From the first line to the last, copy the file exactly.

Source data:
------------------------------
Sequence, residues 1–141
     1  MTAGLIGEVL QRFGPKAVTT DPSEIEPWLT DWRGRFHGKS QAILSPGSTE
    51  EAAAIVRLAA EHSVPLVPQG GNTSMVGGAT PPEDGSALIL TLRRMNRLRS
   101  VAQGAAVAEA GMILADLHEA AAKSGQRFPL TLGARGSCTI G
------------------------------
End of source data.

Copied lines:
Sequence, residues 1–141
     1  MTAGLIGEVL QRFGPKAVTT DPSEIEPWLT DWRGRFHGKS QAILSPGSTE
    51  EAAAIVRLAA EHSVPLVPQG GNTSMVGGAT PPEDGSALIL TLRRMNRLRS
   101  VAQGAAVAEA GMILADLHEA AAKSGQRFPL TLGARGSCTI G